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The center-left think tank New America has reportedly dropped its entire Open Markets program, which had advocated tough antitrust laws, in what some view as an attempt to please its corporate benefactors. Part of the issue is that Google chairman Eric Schmidt is also the chairman of New America’s board, and its conference room is called the “Eric Schmidt Ideas Lab.”
In an email to Open Markets director Barry Lynn, New America President Anne Marie Slaughter wrote, “We are in the process of trying to expand our relationship with Google on some absolutely key points ... just THINK about how you are imperiling funding for others.”
While it’s easy to denounce Slaughter for putting fundraising over impartiality, this type of behavior is not limited to New America or to the left. Having run a conservative think tank and having served in Congress, I’ve seen how often big corporate donors are at odds with the grassroots of the Republican Party and the conservative movement.
According to Google’s disclosures, it’s given money to most of big conservative think tanks, including the Heritage Foundation, the Cato Institute, the American Enterprise Institute, Americans for Tax Reform, the American Conservative Union, and the Federalist Society. Coincidentally, you can find articles from these think tanks with titles like “Google Isn't Evil,” “Google: An example of success in a free market,” and “Google Didn’t Kowtow and Neither Should You.”
Because contributions to foundations require few public disclosures, it’s hard to know whether these types of articles are driven by genuine belief, financial motives, or a combination of both. However, the libertarian Law and Economics Center at George Mason University Law School is affiliated with the public school and subject to public records requests. Google gives the center $350,000 a year. And from 2011-12, while the company was under a massive antitrust investigation by the FTC, the Law and Economics Center held three conferences on internet search engine competition sponsored by Google.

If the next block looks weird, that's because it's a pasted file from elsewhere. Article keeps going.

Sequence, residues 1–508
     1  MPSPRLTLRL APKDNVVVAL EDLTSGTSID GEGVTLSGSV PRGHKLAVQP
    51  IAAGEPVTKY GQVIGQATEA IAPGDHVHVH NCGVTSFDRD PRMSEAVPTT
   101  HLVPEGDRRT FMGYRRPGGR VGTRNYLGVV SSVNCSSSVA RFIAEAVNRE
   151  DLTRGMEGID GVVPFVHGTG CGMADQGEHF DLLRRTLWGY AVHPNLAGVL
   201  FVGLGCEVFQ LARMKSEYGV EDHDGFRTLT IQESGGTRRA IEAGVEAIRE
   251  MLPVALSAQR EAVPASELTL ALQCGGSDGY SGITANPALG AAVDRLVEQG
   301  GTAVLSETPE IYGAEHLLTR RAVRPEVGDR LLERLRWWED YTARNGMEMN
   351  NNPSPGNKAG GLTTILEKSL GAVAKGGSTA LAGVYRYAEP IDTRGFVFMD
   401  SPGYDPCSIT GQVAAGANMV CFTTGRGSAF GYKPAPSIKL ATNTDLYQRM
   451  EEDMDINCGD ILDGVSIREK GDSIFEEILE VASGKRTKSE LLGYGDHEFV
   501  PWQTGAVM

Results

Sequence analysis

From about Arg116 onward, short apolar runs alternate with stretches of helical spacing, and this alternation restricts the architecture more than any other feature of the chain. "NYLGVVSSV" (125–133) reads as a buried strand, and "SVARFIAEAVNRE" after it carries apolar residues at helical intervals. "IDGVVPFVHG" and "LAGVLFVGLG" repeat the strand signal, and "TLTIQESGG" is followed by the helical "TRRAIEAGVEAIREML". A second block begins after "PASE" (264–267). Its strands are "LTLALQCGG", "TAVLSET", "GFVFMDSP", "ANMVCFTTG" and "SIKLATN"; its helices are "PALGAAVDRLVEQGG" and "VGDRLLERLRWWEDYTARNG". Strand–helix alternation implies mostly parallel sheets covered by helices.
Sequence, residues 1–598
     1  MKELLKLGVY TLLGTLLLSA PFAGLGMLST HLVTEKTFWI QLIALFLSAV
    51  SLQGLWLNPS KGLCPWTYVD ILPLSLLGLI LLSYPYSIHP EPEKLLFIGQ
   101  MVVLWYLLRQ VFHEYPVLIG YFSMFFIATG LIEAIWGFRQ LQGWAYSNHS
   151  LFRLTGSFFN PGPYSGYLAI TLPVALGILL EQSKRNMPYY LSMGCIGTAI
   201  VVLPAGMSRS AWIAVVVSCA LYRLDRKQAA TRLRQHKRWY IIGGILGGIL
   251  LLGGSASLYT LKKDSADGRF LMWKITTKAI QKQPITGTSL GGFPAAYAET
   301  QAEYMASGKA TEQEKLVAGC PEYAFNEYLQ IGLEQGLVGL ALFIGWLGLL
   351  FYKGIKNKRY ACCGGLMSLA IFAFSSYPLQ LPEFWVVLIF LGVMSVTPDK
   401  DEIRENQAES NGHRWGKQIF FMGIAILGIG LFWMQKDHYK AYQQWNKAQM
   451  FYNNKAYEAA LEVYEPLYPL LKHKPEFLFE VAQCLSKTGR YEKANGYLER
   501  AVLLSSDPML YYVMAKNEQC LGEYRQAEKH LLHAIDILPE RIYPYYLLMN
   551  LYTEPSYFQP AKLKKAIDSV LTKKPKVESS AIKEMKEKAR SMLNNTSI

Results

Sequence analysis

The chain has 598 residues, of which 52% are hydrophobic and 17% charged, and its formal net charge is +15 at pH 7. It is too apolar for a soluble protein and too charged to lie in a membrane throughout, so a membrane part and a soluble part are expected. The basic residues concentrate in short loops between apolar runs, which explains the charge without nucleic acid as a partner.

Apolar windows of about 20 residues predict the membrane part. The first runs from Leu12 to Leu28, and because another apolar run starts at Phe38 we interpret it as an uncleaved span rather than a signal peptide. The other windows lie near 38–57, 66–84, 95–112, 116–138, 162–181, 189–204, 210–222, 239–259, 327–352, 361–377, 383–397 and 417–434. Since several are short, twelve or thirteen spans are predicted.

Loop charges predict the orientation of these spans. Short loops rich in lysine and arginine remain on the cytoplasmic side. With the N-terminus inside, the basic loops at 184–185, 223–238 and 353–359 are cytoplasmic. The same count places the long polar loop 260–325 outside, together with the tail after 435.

A Washington Post investigation found that “in the weeks leading up to the GMU event, Google executives suggested potential speakers and guests, sending the center’s staff a detailed spreadsheet listing members of Congress, [trade] commissioners, and senior officials with the Justice Department and state attorney general’s offices.” This led to overwhelmingly pro-Google speakers lecturing the officials investigating the company under the guise of an academic conference.
Additionally, the Post reported that the center’s professors supplied academic arguments for Google, while the company helped them place favorable op-eds. Among those on the company’s payroll was professor Josh Wright, who would later become a commissioner at the Federal Trade Commission and the head of Trump’s antitrust transition.
Google and other corporations can exert pressure far beyond issues where they have a direct financial stake. Silicon Valley’s left wing bias is well known, and Google in particular has often acted as an appendage of the Democratic Party.
On the other, many of these corporations have also supported the conservative American Legislative Exchange Council, because they benefit from that group's advocacy for low taxes and less regulation.
In 2012, liberals began a massive campaign against ALEC, citing its positions on immigration, gun control, and voter ID laws. As the corporations threatened to cut their funding, ALEC folded and explicitly abandoned all non-economic issues. This did not stop Google for withdrawing its support for ALEC over the Keystone Pipeline and coal deregulation, with Eric Schmidt accusing the organization of “making the world a much worse place” and “literally lying” about global warming. After this ordeal, many organizations will think twice before taking controversial stances that could jeopardize their corporate funding.
I have no doubt that the vast majority of scholars and staffers at conservative think tanks are driven by patriotism and principle. However, this does not prevent Google or other mega corporations from possessing some influence over them through funding. Once an organization becomes dependent upon corporate money, there is pressure not to bite the hand that feeds it.
With Silicon Valley at odds with conservatives and the Trump administration, it’s more imperative than ever that organizations on the conservative side of the aisle sacrifice a few donations to preserve their independence.
Tom Tancredo represented Colorado’s 6th congressional district from 1999 to 2009.
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